Since John Irving's novels are among my favorites, I've got deep, serious literary-relationships with quite a few of his characters. He's not only one of my favorite authors, but also one of my biggest inspirations, partly because he creates such rich, multi-layered characters. They have flaws and quirks and sometimes they're annoying or downright unlikable – but you end up loving them anyway. His ability to weave such rich, detailed tapestries in terms of his characters and their settings makes John Irving's novels incredibly multifaceted. He knows how to tell a story and how to write it beautifully, and he knows how to create characters you somehow want to have in your life. You'll notice characters from the same books popping up in my list of favorites, but that's because a. I love the books, and 2. I'm still working my way through his extensive bibliography.
“I am doomed to remember a boy with a wrecked voice...” That's how the novel A Prayer for Owen Meany begins. I've yet to come across any of John Irving's novels I don't love, although I haven't yet read some of them, but even when I finally get to Setting Free the Bears and Last Night in Twisted River, this will still be my favorite. Similarly, diminutive, miraculous Owen Meany is my favorite character. I kind of fell in love with him the first time I read the book, I won't lie. From his fiercely passionate nature, hidden beneath his size, to his loyalty to his friends, to his amazing second sight, he's just incredible to me. I don't want to spoil anything, but there's nothing about this character that doesn't make me emotional. And do me a favor – if you've only ever seen the travesty of a movie adaptation, Simon Birch, read this instead. Please.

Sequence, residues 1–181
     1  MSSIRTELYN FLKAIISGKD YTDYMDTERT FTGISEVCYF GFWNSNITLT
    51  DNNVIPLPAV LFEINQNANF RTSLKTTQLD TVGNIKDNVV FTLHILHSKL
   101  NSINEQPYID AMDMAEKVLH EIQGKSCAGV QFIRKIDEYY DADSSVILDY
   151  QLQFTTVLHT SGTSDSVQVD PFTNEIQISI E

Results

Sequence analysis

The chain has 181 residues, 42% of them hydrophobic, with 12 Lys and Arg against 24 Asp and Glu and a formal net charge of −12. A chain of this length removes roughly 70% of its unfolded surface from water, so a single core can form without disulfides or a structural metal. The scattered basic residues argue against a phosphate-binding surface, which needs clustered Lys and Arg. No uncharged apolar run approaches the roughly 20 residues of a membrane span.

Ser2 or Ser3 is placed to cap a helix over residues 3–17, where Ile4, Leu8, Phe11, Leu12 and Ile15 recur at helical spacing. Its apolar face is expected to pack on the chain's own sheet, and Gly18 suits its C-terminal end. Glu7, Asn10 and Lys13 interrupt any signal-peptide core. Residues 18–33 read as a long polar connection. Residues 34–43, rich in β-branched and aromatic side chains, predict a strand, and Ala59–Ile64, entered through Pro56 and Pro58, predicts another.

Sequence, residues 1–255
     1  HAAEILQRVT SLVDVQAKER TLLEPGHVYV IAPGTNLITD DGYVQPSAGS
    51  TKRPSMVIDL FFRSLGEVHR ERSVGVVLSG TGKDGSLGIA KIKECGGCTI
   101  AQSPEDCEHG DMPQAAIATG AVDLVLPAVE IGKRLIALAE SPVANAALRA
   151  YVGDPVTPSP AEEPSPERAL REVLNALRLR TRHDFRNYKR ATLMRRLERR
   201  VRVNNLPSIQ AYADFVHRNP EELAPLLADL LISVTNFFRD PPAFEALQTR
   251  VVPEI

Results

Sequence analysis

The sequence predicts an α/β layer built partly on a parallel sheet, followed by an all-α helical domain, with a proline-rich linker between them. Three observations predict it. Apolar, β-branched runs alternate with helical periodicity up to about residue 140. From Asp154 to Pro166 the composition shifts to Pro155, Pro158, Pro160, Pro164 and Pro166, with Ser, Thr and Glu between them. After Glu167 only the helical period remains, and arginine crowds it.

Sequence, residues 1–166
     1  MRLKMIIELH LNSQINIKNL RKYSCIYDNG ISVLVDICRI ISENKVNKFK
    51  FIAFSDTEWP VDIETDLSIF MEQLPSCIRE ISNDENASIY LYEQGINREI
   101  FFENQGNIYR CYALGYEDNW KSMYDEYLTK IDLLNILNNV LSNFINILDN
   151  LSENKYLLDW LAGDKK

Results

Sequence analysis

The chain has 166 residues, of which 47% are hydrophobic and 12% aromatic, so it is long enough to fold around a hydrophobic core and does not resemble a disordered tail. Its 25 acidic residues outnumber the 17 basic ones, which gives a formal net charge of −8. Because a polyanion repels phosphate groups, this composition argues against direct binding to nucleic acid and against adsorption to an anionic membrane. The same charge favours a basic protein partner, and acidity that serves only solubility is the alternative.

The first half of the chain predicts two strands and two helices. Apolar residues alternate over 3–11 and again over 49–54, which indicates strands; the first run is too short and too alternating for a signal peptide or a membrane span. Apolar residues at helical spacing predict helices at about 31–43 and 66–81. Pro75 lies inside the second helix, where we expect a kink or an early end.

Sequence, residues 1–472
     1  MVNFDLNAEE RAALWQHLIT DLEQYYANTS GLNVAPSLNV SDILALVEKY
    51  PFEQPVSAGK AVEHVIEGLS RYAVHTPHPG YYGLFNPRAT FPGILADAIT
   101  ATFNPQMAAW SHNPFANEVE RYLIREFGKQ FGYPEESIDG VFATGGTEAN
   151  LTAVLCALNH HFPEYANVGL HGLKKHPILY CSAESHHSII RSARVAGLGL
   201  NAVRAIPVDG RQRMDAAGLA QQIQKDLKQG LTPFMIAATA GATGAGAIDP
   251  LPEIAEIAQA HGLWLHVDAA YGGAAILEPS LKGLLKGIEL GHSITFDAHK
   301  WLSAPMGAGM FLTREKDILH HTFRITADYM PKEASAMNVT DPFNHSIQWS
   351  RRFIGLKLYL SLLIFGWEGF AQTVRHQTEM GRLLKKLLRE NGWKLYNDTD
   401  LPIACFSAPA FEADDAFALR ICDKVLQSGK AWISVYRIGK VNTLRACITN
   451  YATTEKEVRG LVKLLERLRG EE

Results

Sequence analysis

The World According to Garp is another favorite, and it's perhaps one of Irving's most well-known novels. The movie is pretty popular as well, and I actually enjoy the hell out of it. As much as I love seeing a young Robin Williams, however, the literary version of Garp – whimsical, lost, forever making the wrong decisions – is ten times better. He's touching and infuriating, tender and selfish, boyish and bullish and so perfectly imperfect that you can't help but love him, even when you want to slap him.
The Cider House Rules was actually the first Irving novel I ever read, and I confess that it's mainly because the movie was about to come out and I still nurture a hardcore crush on Tobey Maguire. He wasn't exactly right to play Homer Wells, but there was something charming about him. Wilbur Larch was brilliantly played by Michael Caine, however, but even his stellar performance doesn't touch the real deal. Irving specializes in flawed but still sympathetic characters, and the doctor is a perfect example. He's a haunted man in so many ways, and a maverick, and a hero. His arrogance is balanced by his tenderness, and if he's something of a bully occasionally, his ultimate desire to be a father to every child he delivers makes you forgive him. Good night, Dr. Larch.